Medical coverage & (in)fertility: it’s all about the benjamins baby!

Unfortunately for us (in)fertiles, money can often be a deciding factor in how and when we proceed with treatment.

My husband and I both have family medical coverage via our employers through Great-West Life (GWL). Family coverage means that whatever isn’t covered on my plan goes through his for extra potential reimbursement.

As far as I know, it’s NOT common in Canada to have a medical insurance plan that covers IVF. I could be wrong though. Some provinces subsidize treatments depending on your medical history, but our province does not.

We do have decent AMAZING fertility drug coverage though.

So far, my Clomid + HCG + Prometrium (progesterone capsules) has been 90% covered.

Each IUI cycle costs us $350 for the procedure and about $25 for the drugs. Since our clinic is located over 40km away, we can also claim mileage and meals on our income tax. On paper, if we drive back and forth without a hotel stay, an IUI cycle with oral meds costs us about $700. I’m so glad it’s almost summer now and we don’t have to stay overnight! Canadian winters in the Prairies = harsh winter driving conditions. 

Anyway, I thought maybe calling my medical insurance company would help me decide which treatment option is best for us.

Last time I contacted GWL, they told me I had up to 90% reimbursement for fertility medications with no cap – meaning unlimited fertility drug claims.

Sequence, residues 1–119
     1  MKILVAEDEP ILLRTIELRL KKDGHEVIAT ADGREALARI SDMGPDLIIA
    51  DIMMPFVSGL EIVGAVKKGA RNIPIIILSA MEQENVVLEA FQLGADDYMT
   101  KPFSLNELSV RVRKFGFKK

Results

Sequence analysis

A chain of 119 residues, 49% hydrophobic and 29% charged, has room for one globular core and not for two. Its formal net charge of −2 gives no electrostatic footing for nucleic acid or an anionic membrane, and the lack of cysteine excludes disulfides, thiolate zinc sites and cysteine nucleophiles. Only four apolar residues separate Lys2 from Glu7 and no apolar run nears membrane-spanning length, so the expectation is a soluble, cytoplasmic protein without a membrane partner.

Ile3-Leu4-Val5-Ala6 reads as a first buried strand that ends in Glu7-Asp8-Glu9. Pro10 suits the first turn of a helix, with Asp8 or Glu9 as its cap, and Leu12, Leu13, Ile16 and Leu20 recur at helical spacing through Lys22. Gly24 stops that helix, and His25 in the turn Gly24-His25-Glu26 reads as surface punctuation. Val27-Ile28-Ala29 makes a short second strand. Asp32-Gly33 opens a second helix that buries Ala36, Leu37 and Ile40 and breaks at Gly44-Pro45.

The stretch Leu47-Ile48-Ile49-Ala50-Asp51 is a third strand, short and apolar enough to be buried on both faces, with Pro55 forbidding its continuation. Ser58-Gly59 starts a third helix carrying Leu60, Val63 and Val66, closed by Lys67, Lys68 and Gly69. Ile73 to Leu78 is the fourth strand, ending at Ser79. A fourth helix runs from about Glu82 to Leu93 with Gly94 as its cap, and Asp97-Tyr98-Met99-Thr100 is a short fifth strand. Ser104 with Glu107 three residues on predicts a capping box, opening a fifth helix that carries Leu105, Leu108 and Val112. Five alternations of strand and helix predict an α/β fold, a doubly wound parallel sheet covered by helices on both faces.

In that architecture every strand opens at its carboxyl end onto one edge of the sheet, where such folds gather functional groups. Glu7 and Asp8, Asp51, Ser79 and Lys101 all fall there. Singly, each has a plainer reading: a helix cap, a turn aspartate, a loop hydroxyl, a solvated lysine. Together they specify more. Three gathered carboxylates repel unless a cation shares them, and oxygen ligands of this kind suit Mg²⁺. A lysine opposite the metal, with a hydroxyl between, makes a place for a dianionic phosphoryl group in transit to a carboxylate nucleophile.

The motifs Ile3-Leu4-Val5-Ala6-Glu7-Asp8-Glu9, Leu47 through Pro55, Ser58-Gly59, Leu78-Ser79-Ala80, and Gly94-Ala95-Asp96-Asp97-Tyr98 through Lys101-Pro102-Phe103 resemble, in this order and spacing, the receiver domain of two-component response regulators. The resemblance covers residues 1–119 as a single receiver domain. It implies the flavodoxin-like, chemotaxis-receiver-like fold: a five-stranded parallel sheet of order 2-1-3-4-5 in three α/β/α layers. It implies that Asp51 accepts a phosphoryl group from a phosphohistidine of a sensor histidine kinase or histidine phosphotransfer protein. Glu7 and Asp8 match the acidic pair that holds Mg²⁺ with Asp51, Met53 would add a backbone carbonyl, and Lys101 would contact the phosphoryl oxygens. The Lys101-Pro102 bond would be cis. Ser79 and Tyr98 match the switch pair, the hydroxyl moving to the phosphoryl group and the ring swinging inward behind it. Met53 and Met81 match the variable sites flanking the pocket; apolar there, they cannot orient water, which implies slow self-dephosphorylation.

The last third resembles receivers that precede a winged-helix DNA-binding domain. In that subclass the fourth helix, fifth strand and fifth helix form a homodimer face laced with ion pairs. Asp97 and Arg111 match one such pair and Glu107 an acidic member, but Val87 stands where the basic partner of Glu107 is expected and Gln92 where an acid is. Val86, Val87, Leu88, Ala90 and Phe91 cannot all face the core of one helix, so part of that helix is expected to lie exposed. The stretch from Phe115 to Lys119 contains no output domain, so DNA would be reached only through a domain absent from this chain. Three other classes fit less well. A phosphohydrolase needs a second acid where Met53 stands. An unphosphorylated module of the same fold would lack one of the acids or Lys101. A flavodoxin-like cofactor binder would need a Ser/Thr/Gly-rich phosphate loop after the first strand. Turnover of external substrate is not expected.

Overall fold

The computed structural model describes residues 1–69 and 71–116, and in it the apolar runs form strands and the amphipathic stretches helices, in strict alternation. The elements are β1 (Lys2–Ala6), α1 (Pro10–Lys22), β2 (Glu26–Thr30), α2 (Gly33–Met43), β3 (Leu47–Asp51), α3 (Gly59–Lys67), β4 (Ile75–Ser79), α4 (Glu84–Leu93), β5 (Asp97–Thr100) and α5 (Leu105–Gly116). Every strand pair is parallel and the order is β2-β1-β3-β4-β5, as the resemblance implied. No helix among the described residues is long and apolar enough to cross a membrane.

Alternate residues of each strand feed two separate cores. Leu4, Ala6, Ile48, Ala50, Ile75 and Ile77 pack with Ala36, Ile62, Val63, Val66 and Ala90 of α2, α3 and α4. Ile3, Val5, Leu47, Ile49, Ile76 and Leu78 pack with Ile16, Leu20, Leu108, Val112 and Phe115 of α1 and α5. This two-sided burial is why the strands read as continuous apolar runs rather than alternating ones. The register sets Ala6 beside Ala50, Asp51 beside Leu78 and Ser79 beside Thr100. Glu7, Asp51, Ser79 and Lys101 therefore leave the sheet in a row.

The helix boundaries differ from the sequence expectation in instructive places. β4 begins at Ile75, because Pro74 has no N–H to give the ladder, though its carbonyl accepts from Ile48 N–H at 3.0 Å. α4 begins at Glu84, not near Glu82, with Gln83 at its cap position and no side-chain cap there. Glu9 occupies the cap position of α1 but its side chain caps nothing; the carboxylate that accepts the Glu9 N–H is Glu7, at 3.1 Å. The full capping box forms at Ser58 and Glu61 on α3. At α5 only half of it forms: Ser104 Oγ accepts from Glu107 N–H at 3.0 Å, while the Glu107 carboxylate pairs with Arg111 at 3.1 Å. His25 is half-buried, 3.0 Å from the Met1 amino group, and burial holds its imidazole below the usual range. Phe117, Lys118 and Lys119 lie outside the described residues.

I didn’t believe them though.

You know how it is when you get that one Customer Service Rep who tells you the WRONG info and completely screws with your plan. For all I knew, that particular Rep may have only been looking at the oral medications.

I decided to call them back if we ever decided to move to injectibles or IVF – just to be sure. 

This afternoon, I made that call. My current clinic posts a Drug Identification Numbers (DIN) list on their website for all injectible meds that they prescribe. The Customer Service Rep told me she didn’t need the list because my drug coverage would cover any fertility drug up to 90% with no maximum claim amount.

I had her double check like 3x before I would believe her. Lucky me. 

The catch is Femara (a.k.a. Letrozole) is considered primarily as a breast cancer treatment drug. Since it’s an off-label fertility drug, my insurance company requires the prescribing doctor to fill out a prior authorization form before you can fill your prescription and qualify for reimbursement.

Of course, they HAVE to make the easiest next step slightly more difficult for us. Ugh. 

Right now, I am VERY GRATEFUL for our coverage. It makes the thought of moving to injectibles less stressful.

So for now, I will hold tight and keep praying for a BFP this month.

If my stars don’t align, I have until CD1 to make up my mind.

Baby dust to you all! XO. 

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